Heavy drinking and abstinence both raise dementia risk - study

New research finds no link between moderate alcohol consumption and risk of dementia

Reaction to the study has sought to downplay interpretations of a direct link between abstinence from alcohol and risk of dementia.  Photograph: PA Wire

Reaction to the study has sought to downplay interpretations of a direct link between abstinence from alcohol and risk of dementia. Photograph: PA Wire

 

Both heavy alcohol consumption and abstaining from alcohol entirely are linked to an increased likelihood of developing dementia, a new study has found.

A comprehensive study of 10,308 British civil servants, surveyed every five years since 1985, has found there is no link between moderate alcohol consumption and increased risk of dementia.

Dementia relates to memory loss, and Alzheimer’s disease is one common form of the disease, which occurs in middle or old age, and results in mental deterioration.

The study found there was a link between both long term alcohol abstinence, and heavy alcohol consumption and dementia, but likely for different reasons.

The study, published on Thursday in the BMJ, was carried out by researchers from University College London, and the French National Institute of Health and Medical Research.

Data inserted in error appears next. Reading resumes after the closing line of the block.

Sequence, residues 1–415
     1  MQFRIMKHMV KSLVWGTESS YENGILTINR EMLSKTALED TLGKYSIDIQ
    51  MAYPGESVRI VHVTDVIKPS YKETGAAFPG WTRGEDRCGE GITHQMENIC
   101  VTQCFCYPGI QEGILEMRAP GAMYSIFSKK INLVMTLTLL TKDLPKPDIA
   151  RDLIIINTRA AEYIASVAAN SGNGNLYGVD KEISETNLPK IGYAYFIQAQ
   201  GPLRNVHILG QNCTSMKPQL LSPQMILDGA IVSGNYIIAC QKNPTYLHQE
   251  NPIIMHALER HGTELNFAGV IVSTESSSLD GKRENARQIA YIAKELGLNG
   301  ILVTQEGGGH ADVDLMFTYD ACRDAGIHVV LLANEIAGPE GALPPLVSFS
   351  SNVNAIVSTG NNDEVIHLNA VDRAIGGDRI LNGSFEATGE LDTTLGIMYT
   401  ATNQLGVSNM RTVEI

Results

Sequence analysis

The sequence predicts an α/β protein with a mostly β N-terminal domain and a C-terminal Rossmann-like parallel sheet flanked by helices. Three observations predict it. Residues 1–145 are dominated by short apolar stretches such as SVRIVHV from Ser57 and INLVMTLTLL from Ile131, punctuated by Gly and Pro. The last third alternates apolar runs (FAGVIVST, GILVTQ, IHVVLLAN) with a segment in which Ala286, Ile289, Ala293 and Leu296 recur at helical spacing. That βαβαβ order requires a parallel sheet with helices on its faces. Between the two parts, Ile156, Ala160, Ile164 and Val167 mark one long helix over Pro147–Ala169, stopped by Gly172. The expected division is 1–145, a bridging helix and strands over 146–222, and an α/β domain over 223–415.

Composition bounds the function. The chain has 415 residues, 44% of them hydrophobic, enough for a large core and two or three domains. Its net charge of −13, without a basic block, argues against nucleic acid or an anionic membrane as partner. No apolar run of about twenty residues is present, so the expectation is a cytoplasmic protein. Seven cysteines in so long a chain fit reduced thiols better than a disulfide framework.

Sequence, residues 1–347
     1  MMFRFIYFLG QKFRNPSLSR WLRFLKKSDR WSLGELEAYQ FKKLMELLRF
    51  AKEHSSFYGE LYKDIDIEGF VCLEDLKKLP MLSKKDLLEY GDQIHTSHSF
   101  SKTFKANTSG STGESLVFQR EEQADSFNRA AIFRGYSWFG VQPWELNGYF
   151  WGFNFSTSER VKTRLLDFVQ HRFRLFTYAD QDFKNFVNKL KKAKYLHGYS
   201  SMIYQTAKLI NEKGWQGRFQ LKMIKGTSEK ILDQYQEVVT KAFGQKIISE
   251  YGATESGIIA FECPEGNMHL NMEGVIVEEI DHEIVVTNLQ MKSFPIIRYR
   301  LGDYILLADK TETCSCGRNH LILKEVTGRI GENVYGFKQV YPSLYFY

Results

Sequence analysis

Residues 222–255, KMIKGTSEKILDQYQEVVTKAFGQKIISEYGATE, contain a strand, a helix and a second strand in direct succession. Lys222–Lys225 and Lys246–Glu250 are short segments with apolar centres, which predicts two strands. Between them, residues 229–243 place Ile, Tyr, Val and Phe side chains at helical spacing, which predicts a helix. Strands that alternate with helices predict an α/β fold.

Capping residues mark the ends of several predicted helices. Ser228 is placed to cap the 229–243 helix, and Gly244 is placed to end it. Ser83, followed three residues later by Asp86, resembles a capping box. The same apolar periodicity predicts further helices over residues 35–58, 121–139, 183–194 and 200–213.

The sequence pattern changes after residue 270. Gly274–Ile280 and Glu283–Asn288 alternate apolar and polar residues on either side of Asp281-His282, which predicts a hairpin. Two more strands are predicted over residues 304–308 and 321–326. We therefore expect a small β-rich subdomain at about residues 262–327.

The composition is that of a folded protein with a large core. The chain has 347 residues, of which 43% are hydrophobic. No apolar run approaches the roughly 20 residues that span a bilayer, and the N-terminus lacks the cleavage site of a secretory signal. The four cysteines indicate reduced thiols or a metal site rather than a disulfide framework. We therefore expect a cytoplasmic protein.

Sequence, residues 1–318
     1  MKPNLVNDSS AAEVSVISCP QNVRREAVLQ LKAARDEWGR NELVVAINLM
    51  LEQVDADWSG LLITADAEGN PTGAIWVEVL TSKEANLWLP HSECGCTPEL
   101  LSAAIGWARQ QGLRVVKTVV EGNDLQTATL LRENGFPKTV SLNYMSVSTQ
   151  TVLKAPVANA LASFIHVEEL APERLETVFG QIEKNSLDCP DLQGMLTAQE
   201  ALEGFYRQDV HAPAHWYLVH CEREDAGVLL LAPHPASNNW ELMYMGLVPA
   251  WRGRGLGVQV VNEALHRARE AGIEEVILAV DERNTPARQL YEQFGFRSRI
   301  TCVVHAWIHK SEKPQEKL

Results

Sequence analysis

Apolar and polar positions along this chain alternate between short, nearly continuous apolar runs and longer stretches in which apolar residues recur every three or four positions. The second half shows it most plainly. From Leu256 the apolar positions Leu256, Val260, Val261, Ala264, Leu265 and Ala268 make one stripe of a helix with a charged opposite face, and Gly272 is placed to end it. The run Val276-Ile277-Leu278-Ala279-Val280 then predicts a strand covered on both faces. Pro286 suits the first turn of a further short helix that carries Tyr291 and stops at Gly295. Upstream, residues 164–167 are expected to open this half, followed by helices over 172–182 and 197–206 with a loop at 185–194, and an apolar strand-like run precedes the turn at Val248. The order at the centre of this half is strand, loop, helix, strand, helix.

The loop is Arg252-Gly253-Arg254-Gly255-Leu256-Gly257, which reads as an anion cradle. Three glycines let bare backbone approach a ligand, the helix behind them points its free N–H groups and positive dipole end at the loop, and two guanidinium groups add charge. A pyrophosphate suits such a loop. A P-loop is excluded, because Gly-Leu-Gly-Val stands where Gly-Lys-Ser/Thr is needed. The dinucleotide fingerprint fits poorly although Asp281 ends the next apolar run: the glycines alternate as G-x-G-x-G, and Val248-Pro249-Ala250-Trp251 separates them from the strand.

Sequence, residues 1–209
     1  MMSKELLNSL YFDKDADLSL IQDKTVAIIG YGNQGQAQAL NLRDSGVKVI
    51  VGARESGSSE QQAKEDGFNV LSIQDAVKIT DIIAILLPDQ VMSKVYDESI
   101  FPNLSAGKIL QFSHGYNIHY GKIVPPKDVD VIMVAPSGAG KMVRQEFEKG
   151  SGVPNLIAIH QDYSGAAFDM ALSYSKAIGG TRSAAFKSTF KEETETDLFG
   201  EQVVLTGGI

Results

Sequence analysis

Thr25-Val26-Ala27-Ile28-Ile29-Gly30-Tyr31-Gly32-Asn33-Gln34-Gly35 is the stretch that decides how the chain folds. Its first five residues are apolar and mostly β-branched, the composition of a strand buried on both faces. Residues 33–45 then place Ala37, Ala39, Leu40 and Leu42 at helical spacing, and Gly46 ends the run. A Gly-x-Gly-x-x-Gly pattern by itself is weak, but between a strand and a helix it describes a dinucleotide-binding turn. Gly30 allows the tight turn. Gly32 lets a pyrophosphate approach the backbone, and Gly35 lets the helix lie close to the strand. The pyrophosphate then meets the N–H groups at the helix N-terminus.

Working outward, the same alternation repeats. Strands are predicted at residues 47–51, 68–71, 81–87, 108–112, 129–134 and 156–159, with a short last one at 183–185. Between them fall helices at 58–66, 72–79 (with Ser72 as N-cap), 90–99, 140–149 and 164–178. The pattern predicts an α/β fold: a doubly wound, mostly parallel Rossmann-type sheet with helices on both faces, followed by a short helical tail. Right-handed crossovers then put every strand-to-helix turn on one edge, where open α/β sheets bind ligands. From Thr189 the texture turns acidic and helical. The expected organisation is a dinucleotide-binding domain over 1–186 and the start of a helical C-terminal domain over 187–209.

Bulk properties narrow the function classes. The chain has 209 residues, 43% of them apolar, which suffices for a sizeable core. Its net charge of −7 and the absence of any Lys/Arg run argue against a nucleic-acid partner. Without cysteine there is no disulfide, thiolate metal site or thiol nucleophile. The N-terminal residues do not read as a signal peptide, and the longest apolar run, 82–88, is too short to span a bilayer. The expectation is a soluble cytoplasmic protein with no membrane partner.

The research found that in participants recorded as excessive drinkers, the likelihood of developing dementia continued to increase in line with the number of alcohol units consumed per week.

Damage to nerve tissue was one factor behind this dementia link. The study found risk of dementia was four times higher among participants who had been hospitalised for chronic diseases caused by high alcohol consumption.

Non-drinkers

When it came to those who did not drink alcohol the researchers found this group were predominately made up of women from lower socioeconomic groups. The study said this demographic had a higher prevalence of cardiometabolic disease, like diabetes, stroke or heart disease.

The higher likelihood of dementia in this group was linked to the increased prevalence of cardiometabolic disease, which was itself associated with a high dementia risk, the study said.

“Overall, no evidence was found that alcohol consumption between 1 unit/week and 14 units/week increases the risk of dementia,” the study concluded.

British health guidelines recommend a limit of 14 units per week, which is equal to six pints of beer. In Ireland the recommended alcohol limit for men is 17 units per week, and 11 units for women.

Reaction to the study has sought to downplay interpretations of a direct link between abstinence from alcohol and risk of dementia.

Prof Clive Ballard, who specialises in age-related disease at University of Exeter Medical School said the study identified “a clear increased risk of dementia” among people drinking more than 14 units of alcohol a week.

The increased likelihood of dementia risk among those who did not drink alcohol had to be “interpreted with caution,” he said. “It may be more likely to reflect differences in other health conditions and differences in cultural backgrounds in people who are abstinent from alcohol,” he said.

Dr Katy Jones, Assistant Professor in applied psychology at the Institute of Mental Health Centre for Dementia, University of Nottingham, echoed the caution around misinterpreting the results.

“People who are in poor health are more likely to quit alcohol, recent evidence suggests alcohol consumption is an indicator rather than a cause of good health,” she said.